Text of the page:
Game Night – Take 2!
This article was originally posted at Guilt-Free-Games.com.
Game Night is an ongoing series of articles about getting together a group of people to play games on a predesignated night. Yeah, I know the title isn’t original… but it gets the point across. Okay, yeah, ‘Dangerous John’s Threateningly Long Title for a Game Night Article’ may have been a good title too. Mmhmm… yeah… listen, if you have that much input, maybe you should write the article yourself? No? Alright then.
Anyhow, in the previous article I explained that in order to have a game night, you would first need games (duh!), then a place to play those games (double duh!). Within this segment of ‘Game Night’ I’m going to reveal another shocker: In order to play most table top games, you will need friends. In the previous article, I pontificated that there were 5 steps involved. In no particular order, I shall continue the article with step 3.
Step 3.: Get your friends to play with your games.
If you are reading this article it’s likely that your friends either: A. Don’t like games, B. Have scheduling problems, or C. Don’t like you. Making friends and influencing people is outside the scope of this article. Except to warn you against reading that book. That thing is Snoozeville, Population: Zzz. For now, let’s just assume you have friends. Okay, buddy?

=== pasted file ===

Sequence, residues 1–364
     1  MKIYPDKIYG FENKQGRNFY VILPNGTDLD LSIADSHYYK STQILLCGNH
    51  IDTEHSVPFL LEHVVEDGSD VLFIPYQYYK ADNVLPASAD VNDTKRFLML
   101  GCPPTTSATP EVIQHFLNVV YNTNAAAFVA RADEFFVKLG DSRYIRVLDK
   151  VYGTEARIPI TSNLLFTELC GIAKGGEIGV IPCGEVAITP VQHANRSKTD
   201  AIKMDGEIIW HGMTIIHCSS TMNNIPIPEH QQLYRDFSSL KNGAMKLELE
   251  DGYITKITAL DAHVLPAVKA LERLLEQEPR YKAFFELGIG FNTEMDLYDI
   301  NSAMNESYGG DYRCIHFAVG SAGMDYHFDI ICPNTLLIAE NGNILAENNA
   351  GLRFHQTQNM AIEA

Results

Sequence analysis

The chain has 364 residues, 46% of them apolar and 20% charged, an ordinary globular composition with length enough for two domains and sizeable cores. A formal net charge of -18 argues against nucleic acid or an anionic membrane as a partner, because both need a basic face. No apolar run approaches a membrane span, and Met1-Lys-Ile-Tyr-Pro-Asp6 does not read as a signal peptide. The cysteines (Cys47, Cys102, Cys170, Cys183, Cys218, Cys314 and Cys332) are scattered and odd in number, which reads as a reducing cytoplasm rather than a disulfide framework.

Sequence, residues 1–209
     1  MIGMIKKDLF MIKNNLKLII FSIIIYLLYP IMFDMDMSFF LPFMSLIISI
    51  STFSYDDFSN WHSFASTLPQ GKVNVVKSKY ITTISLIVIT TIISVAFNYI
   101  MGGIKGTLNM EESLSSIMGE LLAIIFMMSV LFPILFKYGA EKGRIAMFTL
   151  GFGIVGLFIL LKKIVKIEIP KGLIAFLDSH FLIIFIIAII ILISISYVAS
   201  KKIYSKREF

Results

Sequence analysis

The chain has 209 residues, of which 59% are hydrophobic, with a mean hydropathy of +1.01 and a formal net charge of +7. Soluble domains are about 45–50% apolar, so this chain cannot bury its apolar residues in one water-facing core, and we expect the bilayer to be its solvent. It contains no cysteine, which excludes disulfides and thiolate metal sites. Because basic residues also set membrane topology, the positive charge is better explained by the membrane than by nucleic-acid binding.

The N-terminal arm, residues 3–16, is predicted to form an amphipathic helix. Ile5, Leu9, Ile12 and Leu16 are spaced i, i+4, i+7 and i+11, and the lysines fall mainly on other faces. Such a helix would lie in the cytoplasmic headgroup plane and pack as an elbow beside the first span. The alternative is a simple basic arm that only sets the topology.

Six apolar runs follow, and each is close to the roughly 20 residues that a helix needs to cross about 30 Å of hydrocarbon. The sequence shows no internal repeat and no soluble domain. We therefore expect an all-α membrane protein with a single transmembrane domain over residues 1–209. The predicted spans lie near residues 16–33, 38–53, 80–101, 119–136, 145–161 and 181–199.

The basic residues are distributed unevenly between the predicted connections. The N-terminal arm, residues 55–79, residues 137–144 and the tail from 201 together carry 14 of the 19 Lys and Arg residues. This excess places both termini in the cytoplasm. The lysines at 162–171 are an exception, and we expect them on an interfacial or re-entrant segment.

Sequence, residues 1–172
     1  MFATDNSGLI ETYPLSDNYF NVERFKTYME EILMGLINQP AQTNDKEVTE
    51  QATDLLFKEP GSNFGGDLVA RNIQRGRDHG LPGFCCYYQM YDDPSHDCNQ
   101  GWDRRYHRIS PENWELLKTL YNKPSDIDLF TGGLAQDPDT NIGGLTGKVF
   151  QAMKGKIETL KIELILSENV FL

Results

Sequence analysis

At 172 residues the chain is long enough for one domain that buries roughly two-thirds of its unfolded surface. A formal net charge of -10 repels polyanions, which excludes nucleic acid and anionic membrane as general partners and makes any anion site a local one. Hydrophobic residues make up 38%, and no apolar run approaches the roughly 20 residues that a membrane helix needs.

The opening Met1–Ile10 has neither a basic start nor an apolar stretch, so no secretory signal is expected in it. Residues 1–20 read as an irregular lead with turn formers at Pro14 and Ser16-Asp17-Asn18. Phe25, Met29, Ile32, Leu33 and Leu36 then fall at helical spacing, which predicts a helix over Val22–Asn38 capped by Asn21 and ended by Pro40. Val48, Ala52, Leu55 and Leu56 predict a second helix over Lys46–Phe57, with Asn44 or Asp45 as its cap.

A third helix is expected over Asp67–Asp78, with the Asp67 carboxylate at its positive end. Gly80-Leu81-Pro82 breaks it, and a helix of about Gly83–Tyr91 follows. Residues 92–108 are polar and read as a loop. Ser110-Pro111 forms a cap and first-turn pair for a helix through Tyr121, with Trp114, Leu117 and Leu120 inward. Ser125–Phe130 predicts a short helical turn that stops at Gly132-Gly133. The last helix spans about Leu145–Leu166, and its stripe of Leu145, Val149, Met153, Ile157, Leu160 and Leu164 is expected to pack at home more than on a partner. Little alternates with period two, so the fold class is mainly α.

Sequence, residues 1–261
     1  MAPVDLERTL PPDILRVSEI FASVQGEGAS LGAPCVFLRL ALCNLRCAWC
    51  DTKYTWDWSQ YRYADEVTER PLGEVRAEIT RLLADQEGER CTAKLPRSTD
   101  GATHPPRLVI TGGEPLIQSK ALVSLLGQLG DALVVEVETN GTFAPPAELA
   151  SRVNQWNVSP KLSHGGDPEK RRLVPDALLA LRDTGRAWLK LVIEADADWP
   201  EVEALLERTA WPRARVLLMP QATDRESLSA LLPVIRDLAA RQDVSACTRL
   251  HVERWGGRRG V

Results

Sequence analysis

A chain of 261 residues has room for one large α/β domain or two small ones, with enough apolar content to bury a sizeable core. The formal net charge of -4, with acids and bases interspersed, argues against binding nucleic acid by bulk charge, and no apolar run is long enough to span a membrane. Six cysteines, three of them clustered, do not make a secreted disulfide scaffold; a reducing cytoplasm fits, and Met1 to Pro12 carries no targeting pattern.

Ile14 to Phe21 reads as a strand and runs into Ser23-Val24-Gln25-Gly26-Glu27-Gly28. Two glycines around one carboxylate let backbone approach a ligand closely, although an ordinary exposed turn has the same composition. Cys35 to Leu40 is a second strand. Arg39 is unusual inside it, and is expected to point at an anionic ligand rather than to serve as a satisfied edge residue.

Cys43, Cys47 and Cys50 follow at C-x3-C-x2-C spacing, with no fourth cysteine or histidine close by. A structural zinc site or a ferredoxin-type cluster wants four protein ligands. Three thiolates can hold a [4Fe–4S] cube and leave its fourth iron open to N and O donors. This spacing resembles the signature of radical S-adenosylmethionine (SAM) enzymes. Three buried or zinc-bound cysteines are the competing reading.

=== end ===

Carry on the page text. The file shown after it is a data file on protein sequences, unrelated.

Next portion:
Step 3, Part Horse: But my friends don’t like games!
While some people are secretly robots waiting for the Robotapocolution, non-traitors to the human race enjoy games. When someone says “I don’t like games”, what they mean is “I disapprove of having fun”. That is a lie, which I will prove with this Diagram:
Your friends enjoy playing games. This does not mean that your friends enjoy playing the games you are offering to play. If your friends’ idea of a fun game is foosball or poker, it may be difficult to involve them in The Battle of Bull Run. Try something more physical and interactive like Tumblin’ Dice, or a game that rewards their ability to predict odds and take tricks like Wizard.